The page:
About the Project
Accurate genome duplication is essential for all forms of life. The molecular machine that orchestrates this process is the replisome: a complex ensemble of proteins that co-ordinates DNA template unwinding, DNA synthesis, histone transfer and several other replication-coupled processes. Our laboratory uses a combination of biochemical reconstitution and structural biology to examine replisome structure and function. While I was a postdoc, I reconstituted regulated eukaryotic DNA replication for the first time using purified proteins from budding yeast. This system has enabled us to address several important questions including how leading-strand replication is started and how the replisome responds to DNA template damage. We are currently working towards reconstituting a human replisome entirely with purified proteins. This will enable us to investigate how the human replisome interfaces with DNA repair and recombination pathways that are required to sustain DNA replication under conditions of replication stress that can impede replisome progression. This is important because there are many factors required to maintain replication fork progression in human cells that are absent from budding yeast.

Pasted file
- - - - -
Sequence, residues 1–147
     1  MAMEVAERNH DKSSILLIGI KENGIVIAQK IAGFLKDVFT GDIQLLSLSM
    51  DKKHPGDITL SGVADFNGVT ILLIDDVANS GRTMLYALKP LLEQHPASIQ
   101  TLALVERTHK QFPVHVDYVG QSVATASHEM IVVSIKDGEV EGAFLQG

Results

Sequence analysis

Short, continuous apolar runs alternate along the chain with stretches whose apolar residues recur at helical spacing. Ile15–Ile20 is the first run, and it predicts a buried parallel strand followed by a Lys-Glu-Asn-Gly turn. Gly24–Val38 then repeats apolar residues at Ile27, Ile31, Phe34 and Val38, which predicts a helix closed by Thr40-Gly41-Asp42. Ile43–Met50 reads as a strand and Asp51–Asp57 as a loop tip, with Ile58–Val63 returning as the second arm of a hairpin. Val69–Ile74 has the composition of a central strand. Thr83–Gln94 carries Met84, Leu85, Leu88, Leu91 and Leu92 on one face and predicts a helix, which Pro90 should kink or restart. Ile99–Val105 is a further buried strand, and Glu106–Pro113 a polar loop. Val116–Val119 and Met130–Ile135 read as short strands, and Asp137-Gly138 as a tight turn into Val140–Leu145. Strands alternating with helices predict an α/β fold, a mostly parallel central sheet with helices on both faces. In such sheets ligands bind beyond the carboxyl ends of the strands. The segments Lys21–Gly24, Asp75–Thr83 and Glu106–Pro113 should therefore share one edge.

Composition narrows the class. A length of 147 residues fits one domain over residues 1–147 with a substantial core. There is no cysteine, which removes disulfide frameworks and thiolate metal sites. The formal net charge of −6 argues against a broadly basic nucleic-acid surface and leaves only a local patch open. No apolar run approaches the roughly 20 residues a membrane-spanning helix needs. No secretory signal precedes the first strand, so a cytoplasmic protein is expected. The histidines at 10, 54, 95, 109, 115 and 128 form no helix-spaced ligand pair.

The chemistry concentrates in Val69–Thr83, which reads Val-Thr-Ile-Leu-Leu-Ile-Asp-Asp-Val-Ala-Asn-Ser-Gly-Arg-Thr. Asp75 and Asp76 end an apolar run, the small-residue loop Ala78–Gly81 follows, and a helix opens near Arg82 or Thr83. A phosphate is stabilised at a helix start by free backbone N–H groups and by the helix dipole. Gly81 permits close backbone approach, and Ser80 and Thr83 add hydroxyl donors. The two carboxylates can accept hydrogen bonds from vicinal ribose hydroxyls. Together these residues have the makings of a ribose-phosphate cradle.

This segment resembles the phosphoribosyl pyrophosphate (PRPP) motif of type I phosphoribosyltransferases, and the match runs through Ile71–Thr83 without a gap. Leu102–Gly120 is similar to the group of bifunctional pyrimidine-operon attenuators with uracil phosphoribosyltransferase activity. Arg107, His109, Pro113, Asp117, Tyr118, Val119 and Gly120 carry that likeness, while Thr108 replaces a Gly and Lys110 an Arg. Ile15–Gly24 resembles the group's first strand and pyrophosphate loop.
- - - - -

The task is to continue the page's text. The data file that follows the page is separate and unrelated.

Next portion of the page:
We are looking for an enthusiastic and ambitious student to join our research group. During your PhD you will further develop a reconstituted replication system to investigate how the human replisome collaborates with DNA repair and recombination pathways to sustain replisome progression under stress conditions. You will become an expert in protein purification and complex biochemical reconstitution and will also have the opportunity to gain experience in structural biology. Our focused research group provides an excellent environment to learn new techniques whilst working on an independent research project.
Bartetić, D., Jenkyn-Bedford, M., Aria, A., Cannone, G., Skehel, M., Yeeles, J.T.P. (2020) Cryo-EM structure of the fork protection complex bound to CMG at a replication fork. Mol Cell 78, 926-940 e13.
Guilliam, T and Yeeles J.T.P. (2020) Reconstitution of translesion synthesis reveals a mechanism of eukaryotic DNA replication restart. Nat Struct Mol Biol 27, 450-460.
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